Several cases have provided further guidelines for such litigation financing agreements. In Headleigh Private Hospital (Pty) Ltd t/a Rand Clinic v Soller & Manning Attorneys and Others 2001 (4) SA 360 (W), the Court affirmed that an agreement to share the proceeds of one or more lawsuits is not necessarily unlawful and must indeed be considered acceptable when a litigant is not in a financial position to fund his litigation completely. In another case, the South Africa Supreme Court of Appeal held, in PriceWaterHouse Coopers Inc and Others v National Potato Co-operative Ltd, 2004 (6) SA 66 (SCA), that the "although the number of reported cases concerned with champertous agreements diminished, courts have still adhered to the view that generally they are unlawful and that litigation pursuant to such agreements should not be entertained". However, the Supreme Court sought to clarify any disagreements and took a different route.
The Court ruled that:
- An agreement in terms of which a stranger to a lawsuit advances funds to a litigant on condition that his remuneration, in case the litigant wins the action, is to be part of the proceeds of the suit is not contrary to public policy or void, and
- The existence of such an assistance agreement cannot be the base of a defense in the action. In June 2010, in an interlocutory ruling rendered in the same case, the High Court found that the funder is, after all, a co-owner of the claim and should therefore be joined as a party to the trial. Therefore, an order for costs may be made directly against him to the extent that the funded party cannot support them even after the termination of the funding agreement.
England and Wales
Litigation funding has been permitted in England and Wales since 1967 (and in insolvency matters since the late nineteenth century). However, the last 10 years have seen its growing acceptance as part of the litigation landscape. As with many new and evolving sectors, knowledge of sector-specific terminology can be a barrier to participation, an issue which funders have addressed to ease access to the market.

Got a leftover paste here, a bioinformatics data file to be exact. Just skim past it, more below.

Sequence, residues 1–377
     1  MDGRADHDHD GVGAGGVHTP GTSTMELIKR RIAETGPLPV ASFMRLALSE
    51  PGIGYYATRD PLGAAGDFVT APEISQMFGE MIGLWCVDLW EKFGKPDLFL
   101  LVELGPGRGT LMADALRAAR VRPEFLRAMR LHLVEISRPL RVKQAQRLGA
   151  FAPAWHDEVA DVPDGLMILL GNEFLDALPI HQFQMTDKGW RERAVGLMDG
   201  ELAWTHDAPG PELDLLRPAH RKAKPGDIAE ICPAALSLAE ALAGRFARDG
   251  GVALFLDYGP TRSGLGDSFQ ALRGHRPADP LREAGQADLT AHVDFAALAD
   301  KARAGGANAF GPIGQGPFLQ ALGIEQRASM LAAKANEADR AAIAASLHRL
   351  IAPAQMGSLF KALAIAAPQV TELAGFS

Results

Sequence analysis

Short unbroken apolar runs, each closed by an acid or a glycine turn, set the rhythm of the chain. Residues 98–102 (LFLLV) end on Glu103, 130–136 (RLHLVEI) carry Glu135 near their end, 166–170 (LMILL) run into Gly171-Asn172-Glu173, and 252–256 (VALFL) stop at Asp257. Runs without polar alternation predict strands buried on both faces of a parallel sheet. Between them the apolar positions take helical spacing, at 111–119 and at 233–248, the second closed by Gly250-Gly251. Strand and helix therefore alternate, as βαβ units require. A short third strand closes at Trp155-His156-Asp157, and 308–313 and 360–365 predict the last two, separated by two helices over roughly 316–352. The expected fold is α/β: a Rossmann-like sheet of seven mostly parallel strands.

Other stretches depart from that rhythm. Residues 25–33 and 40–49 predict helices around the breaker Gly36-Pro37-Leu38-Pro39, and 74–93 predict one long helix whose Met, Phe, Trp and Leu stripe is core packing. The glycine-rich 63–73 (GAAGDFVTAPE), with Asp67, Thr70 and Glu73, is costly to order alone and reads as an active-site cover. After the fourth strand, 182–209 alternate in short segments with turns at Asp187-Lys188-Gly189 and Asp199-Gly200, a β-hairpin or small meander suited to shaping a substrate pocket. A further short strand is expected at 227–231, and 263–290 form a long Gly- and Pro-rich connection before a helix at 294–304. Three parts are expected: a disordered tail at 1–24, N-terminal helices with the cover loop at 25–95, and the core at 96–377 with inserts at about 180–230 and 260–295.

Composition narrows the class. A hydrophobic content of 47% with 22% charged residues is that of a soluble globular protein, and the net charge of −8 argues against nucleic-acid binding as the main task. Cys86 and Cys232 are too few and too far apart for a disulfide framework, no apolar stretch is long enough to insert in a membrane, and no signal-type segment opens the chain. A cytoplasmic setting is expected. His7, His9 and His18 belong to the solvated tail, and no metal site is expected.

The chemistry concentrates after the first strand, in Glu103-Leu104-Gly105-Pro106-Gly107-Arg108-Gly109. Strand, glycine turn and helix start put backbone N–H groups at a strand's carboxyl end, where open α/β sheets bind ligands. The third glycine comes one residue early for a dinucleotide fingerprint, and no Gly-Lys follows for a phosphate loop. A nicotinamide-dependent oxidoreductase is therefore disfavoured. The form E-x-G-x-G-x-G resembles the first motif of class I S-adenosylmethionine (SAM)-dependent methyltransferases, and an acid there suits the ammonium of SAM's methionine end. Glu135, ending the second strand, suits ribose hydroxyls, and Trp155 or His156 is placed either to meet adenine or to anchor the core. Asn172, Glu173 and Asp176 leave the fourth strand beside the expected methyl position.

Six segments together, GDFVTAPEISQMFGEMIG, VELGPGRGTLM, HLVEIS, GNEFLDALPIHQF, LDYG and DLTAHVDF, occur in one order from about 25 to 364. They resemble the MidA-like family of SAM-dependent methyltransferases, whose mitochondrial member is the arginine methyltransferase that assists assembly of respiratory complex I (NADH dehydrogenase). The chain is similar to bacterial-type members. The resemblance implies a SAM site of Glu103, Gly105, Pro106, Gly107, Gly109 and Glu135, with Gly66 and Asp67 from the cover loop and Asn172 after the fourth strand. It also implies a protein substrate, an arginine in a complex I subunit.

In 2005, in the case of Arkin v Borchard Lines Ltd & Others, the English Court of Appeal made it clear that litigation funding is a legitimate method of financing litigation. In January 2010, Chapter 11 of the Jackson Review of Civil Litigation Costs was published, effectively providing judicial endorsement to litigation funding.
In November 2011, a Code of Conduct for Litigation Funders was launched, which sets out the standards of best practice and behaviour for litigation funders in England and Wales. The Code of Conduct provides transparency to claimants and their solicitors. It requires litigation funders to provide satisfactory answers to certain key questions before entering into relationships with claimants. Under the Code, litigation funders are required to give assurances to claimants that, among other things, the litigation funder will not try to take control of the litigation, the litigation funder has the money to pay for the costs of the funded litigation and the litigation funder will not terminate funding absent a material adverse development. The Code has been approved by Lord Justice Jackson and commended by the Chair of the Civil Justice Council, Lord Neuberger of Abbotsbury, the President of the Supreme Court.
The regulatory body responsible for litigation funding and ensuring compliance with the Code is the Association of Litigation Funders (ALF). The Board of Directors of ALF comprises representatives from Calunius, Woodsford and Harbour Litigation Funding. The members of ALF have adopted the Code and undertake to comply at all times with it.
- Appelbaum, Binyamin (November 14, 2010). "Putting Money on Lawsuits, Investors Share in the Payouts". The New York Times. Retrieved November 15, 2010.
- http://www.law.cornell.edu/ethics/ca/code/CA_CODE.HTM, Rule 4-210
- "What is third party litigation funding"
- Litigation glossary.
- Jackson Review of Civil Litigation Costs.
- Third Party Funding", About the Judiciary.